Should agents meet the appraiser at the inspection? An appraiser’s opinion.

I get this question all the time from real estate agents: Should I meet the appraiser at the inspection? Here’s my take as an appraiser.

meet the appraiser at an inspection - Sacramento Appraisal Blog

What I Would Do: If I were an agent, I would definitely want to meet the appraiser at the inspection for the following reasons. If my client’s happiness (and my commission) was based on escrow closing, I would surely want to be available in person for any questions. I would optimistically hope to have a conversation with the appraiser to talk about the property, condition, upgrades and how it was marketed too. My goal would be to share some data and communicate how buyers seemed to perceive the property in the neighborhood market. Of course I would be careful with my words so I was only providing information and not using 10 subtle statements to pressure for a certain value. The truth is value is found in the details though, so sharing an insider perspective (not pressure) from agents can really help appraisers get in the mind of buyers (which is the goal). Lastly, I would also like the opportunity to briefly point out features of the property that might impact value or were at least attractive to buyers. It would be fine of course to do this on the phone too if that’s possible, but meeting in person ensures an interaction of some sort.

Fluff or Value: I don’t have a problem meeting real estate agents at a property, but I would definitely rather use my MLS lock box key to inspect a property if the meeting is going to be fluffy – meaning I am handed a stack of very questionable “comps” or the purpose of the meeting is basically to say “hit the number”. This begs the question, if you are meeting an appraiser, are you providing something of value during the meeting? Or is there something more you can do to make the interaction more worthwhile?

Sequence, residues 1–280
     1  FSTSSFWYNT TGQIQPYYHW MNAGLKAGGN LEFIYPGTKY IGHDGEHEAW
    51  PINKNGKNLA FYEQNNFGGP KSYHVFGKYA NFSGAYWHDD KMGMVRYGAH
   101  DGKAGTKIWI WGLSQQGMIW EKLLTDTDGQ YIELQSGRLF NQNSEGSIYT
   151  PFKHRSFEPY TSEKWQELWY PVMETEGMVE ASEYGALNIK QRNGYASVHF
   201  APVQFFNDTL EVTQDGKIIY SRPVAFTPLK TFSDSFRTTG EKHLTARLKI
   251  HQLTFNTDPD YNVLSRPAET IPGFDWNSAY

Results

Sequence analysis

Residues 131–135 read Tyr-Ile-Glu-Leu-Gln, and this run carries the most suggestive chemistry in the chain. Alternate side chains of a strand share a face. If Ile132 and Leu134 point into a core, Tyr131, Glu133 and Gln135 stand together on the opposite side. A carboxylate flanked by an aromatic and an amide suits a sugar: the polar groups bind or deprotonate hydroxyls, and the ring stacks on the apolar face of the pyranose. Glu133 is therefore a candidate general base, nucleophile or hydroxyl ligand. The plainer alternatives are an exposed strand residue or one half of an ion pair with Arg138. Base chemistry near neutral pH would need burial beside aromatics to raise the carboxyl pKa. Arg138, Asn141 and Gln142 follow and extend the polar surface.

information-to-give-the-appraiser-22My Suggestions for Meeting: I get that part of the effectiveness of meeting with an appraiser is how communicative the appraiser is. During loan transactions you never know whether the appraiser is going to be local, experienced or even conversational, so it’s no wonder why some agents have made it standard procedure to meet the appraiser (by the way, appraisers never know what type of agent they’re going to get either).  🙂 This is why I recommend bringing a packet to every single appraiser meeting so you can provide a detailed list of all upgrades, information about the neighborhood and/or specific information about recent sales and listings. If you don’t have a system already, feel free to use my information sheet for appraisers. Save it to your desktop and even let your seller fill out some of the information. Also, check out 6 ways to have a more valuable exchange with the appraiser.

Bottom Line: In short, meet the appraiser. This is what I always tell real estate agents when they ask. But put in a few extra minutes to provide stellar information beyond a few sales from MLS. This makes the meeting more valuable.

Question: Do you meet the appraiser? Why or why not? Any further questions or reaction?

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Comments

  1. Lori Najera says

    I met an appraiser today at an appraisal. Found out that we are 2 members of your fan club.
    She mentioned reading a blog and I asked if it was yours and she said yes! 🙂 Anyway, I met her because you and I had discussed this in the past – I thought this was a no-no, but you educated me at that time with the reasons why it can be a good idea. Once I see the appraisal, I will know if it was a good idea. 🙂